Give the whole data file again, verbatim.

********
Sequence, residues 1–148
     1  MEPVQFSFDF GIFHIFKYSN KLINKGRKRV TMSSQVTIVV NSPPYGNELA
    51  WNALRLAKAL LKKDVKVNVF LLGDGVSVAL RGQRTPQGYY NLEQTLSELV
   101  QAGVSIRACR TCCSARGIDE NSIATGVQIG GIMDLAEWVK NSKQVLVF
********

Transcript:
Sequence, residues 1–148
     1  MEPVQFSFDF GIFHIFKYSN KLINKGRKRV TMSSQVTIVV NSPPYGNELA
    51  WNALRLAKAL LKKDVKVNVF LLGDGVSVAL RGQRTPQGYY NLEQTLSELV
   101  QAGVSIRACR TCCSARGIDE NSIATGVQIG GIMDLAEWVK NSKQVLVF